This water refraction science experiment has such a “wow factor” and is so quick and easy I can’t believe my kids and I haven’t done it before. It would fit right in with our DIY science camp series, too. Best of all, there is almost no set up, but once I showed it to the kids, they experimented on their own and debated the reasons for the results. You have the option of setting up the science experiment as we did, or doing it right now with the glass of water sitting next to you!
Water Refraction Science Experiment
What you need:
- Jar or glass
- A paper with a design on it. If you wish, you can download and print our printable. It is two pages and includes the colored bars and two arrows facing the same direction.
Place a jar or glass about 6 inches in front of the colored bars or arrows. Pour in the water. What happens?
Watch the video!
To make it more fun:
Ask your kids to keep their eyes on the bars/arrows as you slowly pour the water into the jar.
I told my kids I had a magic liquid. I’m pretty sure my 6 year old believed me, but my 10 year old unconvincingly said, “It’s water, mom.” But then after I performed the experiment, he said, “Now try it with water.” Ha! So I guess I did fool him.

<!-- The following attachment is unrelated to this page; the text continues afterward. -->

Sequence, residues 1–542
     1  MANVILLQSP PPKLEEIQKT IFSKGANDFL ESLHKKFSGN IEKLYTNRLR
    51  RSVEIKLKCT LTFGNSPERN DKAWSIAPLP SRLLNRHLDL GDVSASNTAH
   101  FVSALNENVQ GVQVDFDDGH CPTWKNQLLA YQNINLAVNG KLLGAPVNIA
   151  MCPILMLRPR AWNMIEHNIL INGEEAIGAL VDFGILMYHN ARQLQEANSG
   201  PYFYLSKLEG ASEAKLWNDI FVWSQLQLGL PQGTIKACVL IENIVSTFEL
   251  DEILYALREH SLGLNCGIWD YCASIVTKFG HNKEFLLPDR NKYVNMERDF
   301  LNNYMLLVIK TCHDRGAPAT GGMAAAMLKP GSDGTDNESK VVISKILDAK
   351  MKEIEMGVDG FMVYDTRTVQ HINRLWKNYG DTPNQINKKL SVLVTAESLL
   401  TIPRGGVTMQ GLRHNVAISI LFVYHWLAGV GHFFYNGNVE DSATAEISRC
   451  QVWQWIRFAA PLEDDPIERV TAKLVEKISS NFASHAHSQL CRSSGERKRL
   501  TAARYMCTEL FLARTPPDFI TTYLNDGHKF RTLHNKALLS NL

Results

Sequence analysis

- Does it make a difference how close the water is to the paper?
- Does it make a difference if the jar is square or round? What about the size of the jar or glass?
- Draw a diagram of what you think is happening to the light rays. (See explanation below)
- Super nerdy kids (I say that with love) can learn more about refraction of light here.
The science behind the water refraction experiment:
Refraction is the bending of light. In this case, light traveled from the air, through the front of the glass jar, through the water, through the back of the glass jar, and then back through the air, before hitting the picture. Whenever light passes from one medium into another, it refracts.
In addition, the water acts as a magnifying glass, which bends the light toward the center. The light comes together at the focal point and beyond the focal point the image looks reversed because the light that was on the right is now on the left, and vice versa. Clear as mud? (Note: I am not a science teacher and if you would like to correct or add to my explanation in the comments, I welcome it!)
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